While Confined to her hospital bed in 1994, unable to walk due to an automobile accident
that injured her husband and killed the family's dog, Barbara Harrison thought one thing.
It wasn't about being ejected from the pickup she was driving or about being life-flighted to the hospital.
Instead, it was, "I'm lucky to have my leg and my life. Now, how long before I can dance again?"
To Harrison, who works as an intake coordinator in UNMC's psychiatry department, square dancing isn't just a hobby -- it's life. And her fellow dancers are family.
"I've come a long way from not being able to walk," she said of her accident 14 years ago this week. "It was my family and fellow dancers who stood behind me. There wasn't a day that went
by when I was in the hospital for three months that there weren't 10, 15, 20 of them in my
room. They helped keep me motivated."
UNMC's Barbara Harrison, second from right, sports her festive dress at a Memorial Day square dance. After a car accident 14 years ago this week, Harrison had to re-learn how to walk and dance.
Originally from Waverly, Iowa, Harrison started square dancing at age 15 and hasn't stopped since. She moved to Omaha in 1977, and
married her husband, Terry, whom she met at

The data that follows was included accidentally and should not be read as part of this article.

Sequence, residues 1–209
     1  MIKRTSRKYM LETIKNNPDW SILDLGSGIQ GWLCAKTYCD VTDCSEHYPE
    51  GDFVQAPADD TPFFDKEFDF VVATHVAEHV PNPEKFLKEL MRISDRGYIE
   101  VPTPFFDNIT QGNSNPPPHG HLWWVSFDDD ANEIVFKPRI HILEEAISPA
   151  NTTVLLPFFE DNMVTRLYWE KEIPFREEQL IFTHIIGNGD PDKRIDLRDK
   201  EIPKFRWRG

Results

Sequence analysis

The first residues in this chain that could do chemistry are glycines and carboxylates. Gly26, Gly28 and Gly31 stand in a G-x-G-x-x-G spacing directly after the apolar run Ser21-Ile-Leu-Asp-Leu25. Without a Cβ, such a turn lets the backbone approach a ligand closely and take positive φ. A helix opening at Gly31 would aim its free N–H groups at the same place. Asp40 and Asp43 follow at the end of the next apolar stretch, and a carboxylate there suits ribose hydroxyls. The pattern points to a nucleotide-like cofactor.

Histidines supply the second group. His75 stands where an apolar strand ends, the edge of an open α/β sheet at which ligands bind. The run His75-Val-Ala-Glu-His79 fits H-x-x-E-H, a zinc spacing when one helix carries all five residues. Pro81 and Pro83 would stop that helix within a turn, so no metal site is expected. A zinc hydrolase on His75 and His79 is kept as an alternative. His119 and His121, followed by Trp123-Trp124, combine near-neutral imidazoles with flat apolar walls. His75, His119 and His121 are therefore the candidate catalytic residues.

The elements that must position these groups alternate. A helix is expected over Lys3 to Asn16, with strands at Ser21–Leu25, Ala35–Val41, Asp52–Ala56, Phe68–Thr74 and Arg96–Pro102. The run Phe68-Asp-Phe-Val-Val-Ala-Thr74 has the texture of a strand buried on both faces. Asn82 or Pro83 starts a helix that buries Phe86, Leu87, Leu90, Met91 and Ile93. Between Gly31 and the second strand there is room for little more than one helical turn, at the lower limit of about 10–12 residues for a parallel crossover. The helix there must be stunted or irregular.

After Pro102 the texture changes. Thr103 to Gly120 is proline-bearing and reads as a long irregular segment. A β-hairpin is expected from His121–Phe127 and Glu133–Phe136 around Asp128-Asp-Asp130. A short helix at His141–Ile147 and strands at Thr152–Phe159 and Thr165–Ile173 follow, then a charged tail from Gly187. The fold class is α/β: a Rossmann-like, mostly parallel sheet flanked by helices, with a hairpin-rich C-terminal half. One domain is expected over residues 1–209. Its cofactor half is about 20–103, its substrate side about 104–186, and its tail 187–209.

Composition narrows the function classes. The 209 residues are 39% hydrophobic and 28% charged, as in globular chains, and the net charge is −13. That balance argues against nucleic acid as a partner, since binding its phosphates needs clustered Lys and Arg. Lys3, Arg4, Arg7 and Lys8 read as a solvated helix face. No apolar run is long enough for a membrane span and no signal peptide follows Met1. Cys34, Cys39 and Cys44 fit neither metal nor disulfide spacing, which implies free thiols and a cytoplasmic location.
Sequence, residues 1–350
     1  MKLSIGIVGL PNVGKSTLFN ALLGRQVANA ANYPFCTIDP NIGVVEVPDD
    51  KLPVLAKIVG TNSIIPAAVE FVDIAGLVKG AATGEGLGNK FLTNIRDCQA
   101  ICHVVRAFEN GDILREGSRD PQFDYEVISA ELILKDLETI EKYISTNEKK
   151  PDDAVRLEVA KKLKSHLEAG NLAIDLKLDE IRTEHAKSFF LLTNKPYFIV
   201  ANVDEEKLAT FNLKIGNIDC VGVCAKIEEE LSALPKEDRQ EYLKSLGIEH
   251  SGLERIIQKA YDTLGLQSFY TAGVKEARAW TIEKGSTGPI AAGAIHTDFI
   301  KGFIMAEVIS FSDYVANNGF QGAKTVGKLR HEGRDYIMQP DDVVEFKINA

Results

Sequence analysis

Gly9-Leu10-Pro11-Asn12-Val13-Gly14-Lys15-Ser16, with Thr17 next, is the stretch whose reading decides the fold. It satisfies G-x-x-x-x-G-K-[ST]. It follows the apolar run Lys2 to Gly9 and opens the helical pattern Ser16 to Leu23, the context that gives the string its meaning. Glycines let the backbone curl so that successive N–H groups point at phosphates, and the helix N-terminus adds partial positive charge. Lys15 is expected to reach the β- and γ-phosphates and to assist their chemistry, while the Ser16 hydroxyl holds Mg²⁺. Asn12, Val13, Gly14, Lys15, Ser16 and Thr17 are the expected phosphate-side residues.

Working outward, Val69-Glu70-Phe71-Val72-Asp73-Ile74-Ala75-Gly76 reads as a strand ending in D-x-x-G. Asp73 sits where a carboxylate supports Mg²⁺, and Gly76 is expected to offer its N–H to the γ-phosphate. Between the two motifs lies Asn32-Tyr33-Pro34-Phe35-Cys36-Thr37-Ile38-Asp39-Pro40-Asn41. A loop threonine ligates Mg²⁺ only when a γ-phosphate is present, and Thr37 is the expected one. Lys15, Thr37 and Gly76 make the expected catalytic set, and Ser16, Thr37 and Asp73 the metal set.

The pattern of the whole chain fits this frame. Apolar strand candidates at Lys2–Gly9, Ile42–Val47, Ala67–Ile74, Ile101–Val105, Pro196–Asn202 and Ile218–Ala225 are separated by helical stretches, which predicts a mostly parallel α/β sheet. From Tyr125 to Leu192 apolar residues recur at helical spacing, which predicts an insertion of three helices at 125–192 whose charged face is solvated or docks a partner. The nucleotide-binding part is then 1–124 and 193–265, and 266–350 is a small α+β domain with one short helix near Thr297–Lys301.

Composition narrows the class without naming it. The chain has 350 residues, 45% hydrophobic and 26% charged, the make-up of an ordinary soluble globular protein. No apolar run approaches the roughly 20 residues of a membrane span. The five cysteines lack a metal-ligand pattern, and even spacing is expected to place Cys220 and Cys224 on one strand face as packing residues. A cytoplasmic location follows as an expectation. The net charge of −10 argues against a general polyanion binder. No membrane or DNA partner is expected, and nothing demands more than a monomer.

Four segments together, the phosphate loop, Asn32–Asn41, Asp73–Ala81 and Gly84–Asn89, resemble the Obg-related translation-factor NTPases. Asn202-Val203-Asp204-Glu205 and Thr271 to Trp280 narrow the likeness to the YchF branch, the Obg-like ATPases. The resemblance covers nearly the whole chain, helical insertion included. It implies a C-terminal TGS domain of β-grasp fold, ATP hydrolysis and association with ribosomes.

a square dance.
"He could sing and dance and that's what I liked," she said.
Harrison is a round dance cuer and frequently cues with the River City Squares. Terry is a square dance caller whose name is in the Iowa Square Dance Callers Hall of Fame.
The difference: cuers recite rehearsed, pre-choreographed sequences while callers provide commands called "patter" that keep dancers guessing their next move.
A caller sings the steps using strings of command such as "tag the line, step to a wave, bow to your partner, boys circulate and girls trade."
What's most impressive is that somehow, callers always manage to put two partners back together again at the end of a song.
At a recent Red, White and Blue Memorial Day Salute dance put on by the Belles and Beaus square dancers of Omaha, Harrison cued commands while recorded music played through Yak Stack speakers.
Though some may have preconceived notions of what type of music is heard at square dances, callers play everything from popular tunes to the golden oldies.
"Square dancing has gotten a bad rap," Harrison said. "Those who haven't been around it don't have a clue."
Harrison even offers to teach beginning level round dancing, square dancing and line dancing. She currently is checking into offering lessons to UNMC employees through the Center for Healthy Living.
A one-time Silver U recipient, Harrison has been at UNMC for 12 years.
"I love my job," she said. "The docs are great and the chair, Steven Wengel, (M.D.) and my supervisor, Stacie Sabatka, are wonderful."
Harrison takes a twirl on the dance floor with her friend and fellow square dancer, Mike. Harrison has square danced since she was 15.
Reprinted with permission from the
University of Nebraska Medical Center